From the Trust For America’s Health:
Adult obesity rates increased in 16 states in the past year and did not decline in any state, according to F as in Fat: How Obesity Threatens America‘s Future 2011, a report from the Trust for America’s Health (TFAH) and the Robert Wood Johnson Foundation (RWJF). Twelve states now have obesity rates above 30 percent. Four years ago, only one state was above 30 percent.
The obesity epidemic continues to be most dramatic in the South, which includes nine of the 10 states with the highest adult obesity rates. States in the Northeast and West tend to have lower rates. Mississippi maintained the highest adult obesity rate for the seventh year in a row, and Colorado has the lowest obesity rate and is the only state with a rate under 20 percent.
This year, for the first time, the report examined how the obesity epidemic has grown over the past two decades. Twenty years ago, no state had an obesity rate above 15 percent.Today, more than two out of three states, 38 total, have obesity rates over 25 percent, and just one has a rate lower than 20 percent. Since 1995, when data was available for every state, obesity rates have doubled in seven states and increased by at least 90 percent in 10 others. O
besity rates have grown fastest in Oklahoma, Alabama, and Tennessee, and slowest in Washington, D.C., Colorado, and Connecticut.
“Today, the state with the lowest obesity rate would have had the highest rate in 1995,” said Jeff Levi, Ph.D., executive director of TFAH. “There was a clear tipping point in our national weight gain over the last twenty years, and we can’t afford to ignore the impact obesity has on our health and corresponding health care spending.”
Obesity has long been associated with other severe health problems, including diabetes and high blood pressure. New data in the report show how rates of both also have risen dramatically over the last two decades. Since 1995, diabetes rates have doubled in eight states. The
n, only four states had diabetes rates above 6 percent. Now, 43 states have diabetes rates over 7 percent, and 32 have rates above 8 percent. Twenty years ago, 37 states had hypertension rates over 20 percent. Now, every state is over 20 percent, with nine over 30 percent.
Racial and ethnic minority adults, and those with less education or who make less money, continue to have the highest overall obesity rates:
- Adult obesity rates for Blacks topped 40 percent in 15 states, 35 percent in 35 states, and 30 percent in 42 states and D.C.
- Rates of adult obesity among Latinos were above 35 percent in four states (Mississippi, North Dakota, South Carolina, and Texas) and at least 30 percent in 23 states.
- Meanwhile, rates of adult obesity for Whites topped 30 percent in just four states (Kentucky, Mississippi, Tennessee, and West Virginia) and no state had a rate higher than 32.1 percent.
- Nearly 33 percent of adults who did not graduate high school are obese, compared with 21.5 percent of those who graduated from college or technical college.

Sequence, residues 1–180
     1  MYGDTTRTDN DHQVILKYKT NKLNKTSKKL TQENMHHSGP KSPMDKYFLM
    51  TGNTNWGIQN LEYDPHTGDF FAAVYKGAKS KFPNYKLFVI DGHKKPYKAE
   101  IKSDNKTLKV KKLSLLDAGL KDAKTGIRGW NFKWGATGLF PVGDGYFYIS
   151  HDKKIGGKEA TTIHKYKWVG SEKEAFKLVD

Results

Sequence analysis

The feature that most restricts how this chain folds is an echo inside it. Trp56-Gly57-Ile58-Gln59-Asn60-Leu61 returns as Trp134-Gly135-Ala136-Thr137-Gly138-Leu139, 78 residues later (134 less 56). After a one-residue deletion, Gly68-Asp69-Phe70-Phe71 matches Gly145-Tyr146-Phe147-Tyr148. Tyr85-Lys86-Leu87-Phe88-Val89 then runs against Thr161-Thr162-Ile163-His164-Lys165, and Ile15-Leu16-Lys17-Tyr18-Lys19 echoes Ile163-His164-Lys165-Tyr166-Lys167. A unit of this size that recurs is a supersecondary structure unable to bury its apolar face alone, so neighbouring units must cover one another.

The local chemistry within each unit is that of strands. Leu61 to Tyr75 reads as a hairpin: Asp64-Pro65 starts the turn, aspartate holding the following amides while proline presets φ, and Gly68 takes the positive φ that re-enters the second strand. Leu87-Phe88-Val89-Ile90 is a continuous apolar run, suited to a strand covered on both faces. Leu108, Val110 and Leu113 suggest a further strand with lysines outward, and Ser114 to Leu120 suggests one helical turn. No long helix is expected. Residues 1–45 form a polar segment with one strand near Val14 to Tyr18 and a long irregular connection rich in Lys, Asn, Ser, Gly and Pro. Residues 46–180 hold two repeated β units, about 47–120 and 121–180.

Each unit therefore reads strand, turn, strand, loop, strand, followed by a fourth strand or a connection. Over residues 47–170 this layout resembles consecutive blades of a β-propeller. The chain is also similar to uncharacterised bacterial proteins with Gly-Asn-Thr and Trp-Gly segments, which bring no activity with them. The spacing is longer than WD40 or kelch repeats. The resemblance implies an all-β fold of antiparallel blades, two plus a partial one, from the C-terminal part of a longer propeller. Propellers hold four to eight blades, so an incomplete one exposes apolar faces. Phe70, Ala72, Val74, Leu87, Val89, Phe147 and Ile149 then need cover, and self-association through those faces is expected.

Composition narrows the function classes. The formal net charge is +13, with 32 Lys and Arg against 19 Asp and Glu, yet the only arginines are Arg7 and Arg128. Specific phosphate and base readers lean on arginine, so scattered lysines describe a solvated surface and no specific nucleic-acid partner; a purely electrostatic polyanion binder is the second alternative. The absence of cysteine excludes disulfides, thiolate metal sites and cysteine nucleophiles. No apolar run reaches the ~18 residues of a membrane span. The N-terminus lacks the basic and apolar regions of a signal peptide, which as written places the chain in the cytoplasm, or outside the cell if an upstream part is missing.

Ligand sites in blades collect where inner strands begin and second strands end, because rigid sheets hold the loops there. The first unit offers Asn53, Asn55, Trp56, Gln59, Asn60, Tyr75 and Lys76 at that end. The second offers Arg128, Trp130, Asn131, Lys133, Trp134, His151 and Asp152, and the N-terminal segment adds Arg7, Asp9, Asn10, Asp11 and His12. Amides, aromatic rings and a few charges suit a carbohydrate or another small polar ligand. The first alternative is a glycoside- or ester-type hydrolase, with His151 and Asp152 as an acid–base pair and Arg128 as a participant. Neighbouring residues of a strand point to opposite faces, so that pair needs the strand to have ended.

More than 33 percent of adults who earn less than $15,000 per year were obese, compared with 24.6 percent of those who earn at least $50,000 per year.
A few things that I noticed:
“The obesity epidemic continues to be more dramatic in the South, which includes 9-10 states with the highest adult obesity rates. States in the Northeast and West tend to have lower rates. Mississippi maintained the highest adult obesity rate for the seventh year in a row, and Colorado has the lowest obesity rate and is the only state with a rate under 20%. […] Obesity rates have grown fastest in Oklahoma, Alabama, and Tennessee, and slowest in Washington, D.C., Colorado, and Connecticut.”
I mean, D.C. is a walking city if I remember correctly, Colorado is pretty well-known for being a home of outdoorsy-types (skiing, hiking, etc.) and Connecticut is something like the third wealthiest state in the union. These don’t surprise me. I’m also not surprised by the fact that states in the northeast and west have lower rates. Again, if you follow the money, both areas tend to have lots of money (New Hampshire, New Jersey, Maryland and Connecticut for the Northeast; California, Colorado and Utah for the West.)
The South also doesn’t surprise me: Mississippi, with the highest obesity rate, also is our poorest state. In fact, looking at this article from September of 2010, 9 of the poorest states in the US are southern states.
I’m paying attention to the money aspect because – as I’ve written before – the more money an area is perceived to have, the more likely it is that they’ll have higher quality stores… thereby offering higher quality foods. All you have to do is look at the strategic placement of Whole Foods in order to see that.
And really, the infrastructure (at least, in the areas where I’ve been) and sprawl in some of these places is terrible, and there are virtually no sidewalks. Walking (and, by relation, running) isn’t much encouraged out there.
“Adult obesity rates for Blacks topped 30% in 42 states.” Who’s got suggestions for what’s going on here?
Furthermore, “Rates of adult obesity among Latinos is above 35% in FOUR states, but it is at least 30% in TWENTY-THREE states?” So, in 23 states, the obesity rate is between 30-35%? Considering the little (teeny, tiny, miniscule) bit I know about Latino food and culture, I wonder if the quality of ingredients here – in comparison to what may be available in their country – plays a difference. Might be worth digging up, here.
“More than 33 percent of adults who earn less than $15,000 per year were obese, compared with 24.6 percent of those who earn at least $50,000 per year.”
Not gonna lie – I would’ve expected those numbers to be farther apart… but the fact that there’s only about a 9% difference is pretty telling to me.